As I sit in the gazebo of the Outer Edge Grill in Clarencetown, Long Island in the Bahamas admiring the various shades of turquoise water and the hint of a turquoise hue in the sky from the extensive shallow banks to the west I can’t help but wonder what I was thinking when a couple weeks ago I mentioned to Chrissy that we could just sail directly from Puerto Rico to North Carolina.
The outer Bahamian Islands really are stunning and have little in resemblance to their capital, Nassau. The people here are extremely helpful and friendly, the atmosphere definitely laid back and we haven’t found nicer beaches or clearer water anywhere in our travels so far.
Now step back a few months to last fall when we were working our way along the East River next to Manhattan. Mom had just confirmed she would fly into visit the next morning and Chrissy’s parents were in the process of booking their travel plans. Then we picked up our email weather forecast to learn that hurricane Joaquin was moving up the east coast. Our weather forecaster noted that the relative positions of high and low pressure systems in our region were eerily similar to those that had pulled Hurricane Sandy into the Hudson River basin causing major destruction just a couple years before. Not very uplifting news to find out you’ve just spent 5+ days of straight travel from Cape Breton to potentially put yourself directly in the path of the storm.
We contemplated options of back tracking into Long Island sound or moving as far up the Hudson River as possible, estimating how much time we would need to do so once the projected path was clearer. In the end we were fortunate as a couple days later it became clear that it was not likely to impact us with anything more than moderate rain as it made landfall at the Cheasapeake Bay area instead. The US east coast experienced some flooding but otherwise, nothing major. Long Island in the Bahamas, where the storm was when we first learned about it, were not so lucky.
For Long Island, the hurricane decided to stall with the eye just to the east of the island (I believe), so instead of them facing the harsh winds and building seas a typical 10 or 12 hour period as the hurricane tracks along, they instead were subjected to powerful North West winds for much longer , resulting in even bigger seas and more wind, which decimated their fishing fleet that runs on the western side of the island, among other damages.
Having been here last winter, on the surface things look fairly familiar in Clarencetown, but we went for a walk today and noted the number of roofs that are still in the process of being repaired, including the government packing house that deals with the incoming shipments to Clarencetown. On one road the electrical wires along the south side of the road in the bushes baffled me as poor infrastructure until I realized all the poles on the opposing side of the road had been recently installed and the wire I’d seen in the bushes was the pre-hurricane wire. Apparently one of the small grocery shops (only one within walking distance) is no longer, so while we aren’t in desperate need of anything we will now be waiting for a few day when we head to Cat island to look for some fresh provisions.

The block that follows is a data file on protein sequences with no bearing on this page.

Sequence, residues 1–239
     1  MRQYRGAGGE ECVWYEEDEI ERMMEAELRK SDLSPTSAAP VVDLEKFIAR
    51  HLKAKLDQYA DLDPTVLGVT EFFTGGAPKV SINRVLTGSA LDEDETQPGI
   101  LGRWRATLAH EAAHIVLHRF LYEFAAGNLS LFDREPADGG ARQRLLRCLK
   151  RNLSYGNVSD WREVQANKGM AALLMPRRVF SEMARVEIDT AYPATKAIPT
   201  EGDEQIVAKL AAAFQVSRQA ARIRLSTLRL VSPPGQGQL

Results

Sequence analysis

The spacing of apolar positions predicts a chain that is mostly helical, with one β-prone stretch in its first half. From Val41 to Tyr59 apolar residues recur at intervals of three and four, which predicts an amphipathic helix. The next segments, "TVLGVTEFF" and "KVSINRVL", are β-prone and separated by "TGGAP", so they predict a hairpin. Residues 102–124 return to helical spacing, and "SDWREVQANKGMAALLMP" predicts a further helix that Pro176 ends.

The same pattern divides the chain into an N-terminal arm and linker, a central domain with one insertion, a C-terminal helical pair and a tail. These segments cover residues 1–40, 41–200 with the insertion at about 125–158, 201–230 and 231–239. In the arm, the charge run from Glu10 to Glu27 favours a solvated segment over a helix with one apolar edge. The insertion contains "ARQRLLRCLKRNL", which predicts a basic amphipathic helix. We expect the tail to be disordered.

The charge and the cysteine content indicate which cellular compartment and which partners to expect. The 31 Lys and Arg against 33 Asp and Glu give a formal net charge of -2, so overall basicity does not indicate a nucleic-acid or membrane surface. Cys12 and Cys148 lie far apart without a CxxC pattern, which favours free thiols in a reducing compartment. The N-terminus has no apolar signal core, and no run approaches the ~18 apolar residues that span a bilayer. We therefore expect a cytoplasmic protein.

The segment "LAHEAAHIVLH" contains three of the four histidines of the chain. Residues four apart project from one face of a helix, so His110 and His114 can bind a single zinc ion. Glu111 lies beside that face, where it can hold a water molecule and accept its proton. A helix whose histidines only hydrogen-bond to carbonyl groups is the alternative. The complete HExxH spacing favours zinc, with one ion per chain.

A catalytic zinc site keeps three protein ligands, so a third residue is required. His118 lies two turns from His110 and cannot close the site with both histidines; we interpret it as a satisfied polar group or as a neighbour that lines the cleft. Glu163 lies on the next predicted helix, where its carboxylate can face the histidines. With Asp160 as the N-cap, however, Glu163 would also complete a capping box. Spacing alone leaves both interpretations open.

As I write this I am somewhat surprised at how little the almighty google turns up about the devastation or the rebuild. The attention of the media, and the general public being rather short. Seemingly even shorter than my own short attention span.
Fortunately from our first glimpse it looks like they are on the road to recovery, but in our travels we have encountered areas that have been devastated by a natural disaster, only to have all their attention overshadowed by another somewhere else a week or two later when they still need the support. These countries don’t have the government stability nor the resources that we have in Canada.
For the sake of Fort McMurray, and the families that have lost everything, I hope the devastation there ins’t soon overshadowed. After our 4 days at sea it already seemed that the media coverage was in exponential decline when I tried to find out the latest. And the families still weren’t able to head home at that time to find out for themselves how much they may have lost.
On a more uplifting tone, we returned to the sand flats just south of the anchorage shortly after the tide started to flood.
Chrissy took the chance to enjoy relaxing in the sand.
And Magnus, who although he loves the water, much prefers to wade in shallow water than swim which made fetch extra enjoyable for him.
And I’d be lying if I said a view like this from the cockpit gets tiring.
Embrace every day. You never know when things might change.
Thanks again for giving me a glimpse of your lives.
You’re on the way back and whatever that means.
Maybe this is the time to ask you if you have covered two items before (in case I missed them). You were going to formulate an opinion concerning the new anchor you acquired. How is that working out? I haven’t seen anything about dragging, so that is good, but what is your verdict at this time? Next, I am still curious about your food supply and meal plan, while underway for passages and when gunk-holing. I look forward to any and all further instalments as you make your way north, and hope to meet you both later this year if you find yourselves back at or on Georgian Bay!
I drafted a post on the anchor today. I’ll post it sometime. Overall it has been a great anchor. It sets much more readily than the old one did.